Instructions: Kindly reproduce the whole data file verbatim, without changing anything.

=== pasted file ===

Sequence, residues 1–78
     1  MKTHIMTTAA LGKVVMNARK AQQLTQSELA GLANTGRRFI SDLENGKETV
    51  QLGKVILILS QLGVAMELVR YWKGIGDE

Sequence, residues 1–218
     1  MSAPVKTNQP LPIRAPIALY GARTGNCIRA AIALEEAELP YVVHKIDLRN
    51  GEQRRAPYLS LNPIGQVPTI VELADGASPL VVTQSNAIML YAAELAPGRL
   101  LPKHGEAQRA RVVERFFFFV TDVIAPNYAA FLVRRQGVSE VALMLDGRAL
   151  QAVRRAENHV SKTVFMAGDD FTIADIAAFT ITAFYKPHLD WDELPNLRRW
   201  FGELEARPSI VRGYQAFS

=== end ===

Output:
Sequence, residues 1–78
     1  MKTHIMTTAA LGKVVMNARK AQQLTQSELA GLANTGRRFI SDLENGKETV
    51  QLGKVILILS QLGVAMELVR YWKGIGDE

Sequence, residues 1–218
     1  MSAPVKTNQP LPIRAPIALY GARTGNCIRA AIALEEAELP YVVHKIDLRN
    51  GEQRRAPYLS LNPIGQVPTI VELADGASPL VVTQSNAIML YAAELAPGRL
   101  LPKHGEAQRA RVVERFFFFV TDVIAPNYAA FLVRRQGVSE VALMLDGRAL
   151  QAVRRAENHV SKTVFMAGDD FTIADIAAFT ITAFYKPHLD WDELPNLRRW
   201  FGELEARPSI VRGYQAFS